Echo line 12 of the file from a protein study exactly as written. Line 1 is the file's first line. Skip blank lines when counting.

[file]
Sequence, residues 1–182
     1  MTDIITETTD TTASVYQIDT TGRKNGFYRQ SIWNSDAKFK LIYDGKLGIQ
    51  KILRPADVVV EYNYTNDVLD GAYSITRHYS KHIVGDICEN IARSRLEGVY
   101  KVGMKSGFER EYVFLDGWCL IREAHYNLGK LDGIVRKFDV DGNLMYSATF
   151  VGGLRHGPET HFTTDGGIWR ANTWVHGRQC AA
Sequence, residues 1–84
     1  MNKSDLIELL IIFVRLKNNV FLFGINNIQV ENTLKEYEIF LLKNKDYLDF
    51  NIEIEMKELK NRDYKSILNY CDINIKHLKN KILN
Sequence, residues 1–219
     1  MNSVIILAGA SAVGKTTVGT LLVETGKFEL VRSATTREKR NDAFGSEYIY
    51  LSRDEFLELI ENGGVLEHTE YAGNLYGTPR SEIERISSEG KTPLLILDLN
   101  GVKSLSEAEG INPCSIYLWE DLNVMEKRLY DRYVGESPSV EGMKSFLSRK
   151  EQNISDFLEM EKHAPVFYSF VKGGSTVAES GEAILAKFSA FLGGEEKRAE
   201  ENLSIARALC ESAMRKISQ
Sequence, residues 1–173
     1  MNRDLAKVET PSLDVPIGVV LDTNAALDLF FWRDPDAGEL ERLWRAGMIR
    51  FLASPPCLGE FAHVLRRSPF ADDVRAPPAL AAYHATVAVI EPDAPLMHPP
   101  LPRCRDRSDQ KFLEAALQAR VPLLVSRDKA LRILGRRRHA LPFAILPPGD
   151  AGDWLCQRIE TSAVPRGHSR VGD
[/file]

   101  GVKSLSEAEG INPCSIYLWE DLNVMEKRLY DRYVGESPSV EGMKSFLSRK